I would argue that it was probably not “doing things the right way” that was the problem, but rather that it was the way in which teaching the right way was executed that negatively affected this child. I believe doing things the right way is necessary for the greatest musical enjoyment, but when this end goal is gone about in a way that does not gel well with a student it can seem like the student would have been better off not being required to follow so many rules.
So, let’s consider what would have happened if this particular student hadn’t been enrolled in lessons.
What if they were just allowed to “play around” on the violin? Would they have been better off as this parent implies? Would they have been able to play? Would they have gained a lifelong skill and passion for music? Would years later they still be enjoying the piano or violin?
I would argue, probably not.
It’s fine for young children to play around and have fun with music, even beneficial for them to do so, but at some point formal lessons and doing things “the right way” is necessary. Allowing children to do things the incorrect way doesn’t provide the skills needed to participate in the musical activities that make music fun. It can also make injuries more likely, and breed frustration as bad habits rob the child of progress.
If you’ve been a music professional or active amateur for any length of time you’ve probably heard many people lament the fact that they were allowed to quit or that they didn’t achieve a certain level of ability on an instrument. I frequently hear stories like these. Conversely, it’s usually the students who were required to practice, who were taught the correct way to do things and who had parents who understood that music learning may not always be “fun”, that are the ones who are successful professionals and active amateur players.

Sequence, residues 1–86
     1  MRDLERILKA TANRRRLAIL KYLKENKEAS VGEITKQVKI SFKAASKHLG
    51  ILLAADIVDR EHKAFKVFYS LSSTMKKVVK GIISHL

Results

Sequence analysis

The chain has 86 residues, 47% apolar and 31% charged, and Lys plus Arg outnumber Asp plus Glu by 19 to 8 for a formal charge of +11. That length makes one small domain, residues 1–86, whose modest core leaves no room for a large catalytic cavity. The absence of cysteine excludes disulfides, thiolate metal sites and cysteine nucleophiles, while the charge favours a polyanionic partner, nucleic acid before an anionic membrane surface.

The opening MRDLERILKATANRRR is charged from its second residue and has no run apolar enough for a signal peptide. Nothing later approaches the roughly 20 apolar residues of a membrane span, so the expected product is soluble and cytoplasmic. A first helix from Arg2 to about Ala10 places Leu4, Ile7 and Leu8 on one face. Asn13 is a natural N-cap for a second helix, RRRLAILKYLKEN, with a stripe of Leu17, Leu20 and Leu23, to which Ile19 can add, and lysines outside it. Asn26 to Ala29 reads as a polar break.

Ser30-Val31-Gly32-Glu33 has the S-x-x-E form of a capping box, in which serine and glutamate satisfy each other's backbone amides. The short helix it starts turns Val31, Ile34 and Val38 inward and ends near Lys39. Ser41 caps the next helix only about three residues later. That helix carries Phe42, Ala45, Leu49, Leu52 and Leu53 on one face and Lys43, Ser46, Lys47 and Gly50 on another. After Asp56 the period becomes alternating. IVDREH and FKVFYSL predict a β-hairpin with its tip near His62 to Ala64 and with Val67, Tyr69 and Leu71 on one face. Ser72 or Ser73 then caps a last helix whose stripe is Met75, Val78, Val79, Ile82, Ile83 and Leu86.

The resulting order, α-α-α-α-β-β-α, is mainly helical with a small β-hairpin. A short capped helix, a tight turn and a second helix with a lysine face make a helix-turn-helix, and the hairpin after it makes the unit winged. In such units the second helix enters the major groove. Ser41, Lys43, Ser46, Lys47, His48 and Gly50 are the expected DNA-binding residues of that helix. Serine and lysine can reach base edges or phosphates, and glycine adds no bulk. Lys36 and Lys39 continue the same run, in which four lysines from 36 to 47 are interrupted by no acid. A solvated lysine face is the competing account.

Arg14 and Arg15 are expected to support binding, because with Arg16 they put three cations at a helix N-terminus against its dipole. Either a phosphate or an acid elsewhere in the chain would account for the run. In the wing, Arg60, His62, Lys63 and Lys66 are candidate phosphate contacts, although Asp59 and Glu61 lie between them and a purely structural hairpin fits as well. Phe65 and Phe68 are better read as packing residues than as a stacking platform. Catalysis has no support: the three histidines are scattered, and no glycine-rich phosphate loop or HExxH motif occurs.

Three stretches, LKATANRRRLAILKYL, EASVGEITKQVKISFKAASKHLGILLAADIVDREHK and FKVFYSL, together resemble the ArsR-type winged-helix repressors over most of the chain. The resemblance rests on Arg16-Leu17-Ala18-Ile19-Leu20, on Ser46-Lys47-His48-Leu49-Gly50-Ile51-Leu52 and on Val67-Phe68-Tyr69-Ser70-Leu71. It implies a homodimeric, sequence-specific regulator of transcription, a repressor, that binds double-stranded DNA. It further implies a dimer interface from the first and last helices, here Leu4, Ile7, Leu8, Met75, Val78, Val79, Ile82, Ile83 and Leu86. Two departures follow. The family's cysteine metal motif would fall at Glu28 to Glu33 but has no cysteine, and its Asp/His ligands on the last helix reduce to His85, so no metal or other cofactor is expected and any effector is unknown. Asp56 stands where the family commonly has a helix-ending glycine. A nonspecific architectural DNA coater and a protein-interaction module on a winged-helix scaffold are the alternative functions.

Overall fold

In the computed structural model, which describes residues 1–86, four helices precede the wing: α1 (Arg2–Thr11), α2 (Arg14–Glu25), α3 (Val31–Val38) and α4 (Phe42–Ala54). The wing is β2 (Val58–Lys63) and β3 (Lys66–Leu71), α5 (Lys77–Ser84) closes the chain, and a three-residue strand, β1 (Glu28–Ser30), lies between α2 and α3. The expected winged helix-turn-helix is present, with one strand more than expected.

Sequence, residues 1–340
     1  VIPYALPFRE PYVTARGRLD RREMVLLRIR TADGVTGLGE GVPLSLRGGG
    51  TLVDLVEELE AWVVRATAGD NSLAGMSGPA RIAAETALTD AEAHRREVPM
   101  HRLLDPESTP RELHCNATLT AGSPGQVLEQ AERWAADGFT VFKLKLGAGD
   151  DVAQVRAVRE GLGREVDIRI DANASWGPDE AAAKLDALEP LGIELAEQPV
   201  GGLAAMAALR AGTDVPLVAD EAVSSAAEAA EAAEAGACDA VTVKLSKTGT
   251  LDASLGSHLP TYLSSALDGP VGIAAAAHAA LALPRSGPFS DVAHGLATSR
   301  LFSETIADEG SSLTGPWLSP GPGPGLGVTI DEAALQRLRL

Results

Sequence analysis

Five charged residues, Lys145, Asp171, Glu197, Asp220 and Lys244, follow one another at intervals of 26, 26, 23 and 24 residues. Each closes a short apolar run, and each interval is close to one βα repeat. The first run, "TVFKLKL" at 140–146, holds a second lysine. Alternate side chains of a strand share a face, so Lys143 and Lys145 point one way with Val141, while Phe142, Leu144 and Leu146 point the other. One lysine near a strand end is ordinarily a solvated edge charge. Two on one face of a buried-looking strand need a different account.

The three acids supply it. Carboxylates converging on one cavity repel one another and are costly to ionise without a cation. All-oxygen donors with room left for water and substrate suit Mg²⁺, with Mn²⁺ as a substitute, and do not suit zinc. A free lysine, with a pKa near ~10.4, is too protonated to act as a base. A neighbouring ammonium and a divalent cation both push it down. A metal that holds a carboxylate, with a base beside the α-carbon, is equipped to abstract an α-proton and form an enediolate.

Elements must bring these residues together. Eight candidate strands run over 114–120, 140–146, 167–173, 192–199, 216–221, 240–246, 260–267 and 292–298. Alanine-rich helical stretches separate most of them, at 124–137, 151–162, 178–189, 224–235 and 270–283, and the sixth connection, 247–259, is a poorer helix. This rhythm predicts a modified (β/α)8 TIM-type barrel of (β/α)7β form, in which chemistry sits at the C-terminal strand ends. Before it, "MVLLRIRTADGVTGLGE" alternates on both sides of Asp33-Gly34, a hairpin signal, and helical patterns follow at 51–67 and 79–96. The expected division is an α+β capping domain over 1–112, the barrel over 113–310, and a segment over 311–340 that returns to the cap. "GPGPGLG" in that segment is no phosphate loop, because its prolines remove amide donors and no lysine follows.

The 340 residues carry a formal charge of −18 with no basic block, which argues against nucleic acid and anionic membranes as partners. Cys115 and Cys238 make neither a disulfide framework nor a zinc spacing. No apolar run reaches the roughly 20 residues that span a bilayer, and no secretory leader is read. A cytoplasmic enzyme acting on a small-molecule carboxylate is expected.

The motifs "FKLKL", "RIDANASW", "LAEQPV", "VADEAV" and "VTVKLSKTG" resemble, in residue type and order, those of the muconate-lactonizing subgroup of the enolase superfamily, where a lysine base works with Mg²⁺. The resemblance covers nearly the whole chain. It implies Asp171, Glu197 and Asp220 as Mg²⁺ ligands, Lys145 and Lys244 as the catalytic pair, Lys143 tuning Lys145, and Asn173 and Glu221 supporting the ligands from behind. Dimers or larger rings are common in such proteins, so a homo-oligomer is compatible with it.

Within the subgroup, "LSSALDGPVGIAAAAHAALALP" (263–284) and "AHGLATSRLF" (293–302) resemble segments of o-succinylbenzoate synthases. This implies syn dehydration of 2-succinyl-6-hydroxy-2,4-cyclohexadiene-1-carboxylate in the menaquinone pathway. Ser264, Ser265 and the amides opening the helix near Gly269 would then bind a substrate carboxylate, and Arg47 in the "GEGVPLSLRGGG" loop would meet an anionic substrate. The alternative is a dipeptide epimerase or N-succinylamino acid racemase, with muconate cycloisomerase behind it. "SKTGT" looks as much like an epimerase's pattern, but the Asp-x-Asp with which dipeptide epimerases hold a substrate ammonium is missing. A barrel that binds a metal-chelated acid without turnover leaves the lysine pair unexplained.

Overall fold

There are of course exceptions to this, but I have found this to be the case most of the time.
Most children intrinsically love music and want to participate and play around with it, but without formal instruction this activity usually diminishes as they get older and school and activities compete for their time and attention.
I would argue that this student would be no farther along in their musical studies had they been allowed to just play around with music, especially the violin.
Many more students can achieve success and enjoyment from piano without much formal instruction. They may not have the skills to be in any professional role, but they can learn to bang out pop songs or play sacred music out of a hymnal for their own enjoyment. In contrast, in over a decade of teaching experience I have yet to know anyone who self-taught themselves the violin and plays anything that would be at all pleasant to hear.
In conclusion, my plea to teachers and parents would be this: do not blame “doing it the right way” as the reason a student or child does not love music or does not want to continue lessons. As teachers it is our job to teach students the right way; this is the way to success. And as parents it is in our best interest to find teachers that will do this for our children in a way that inspires and equips them to pursue their musical dreams.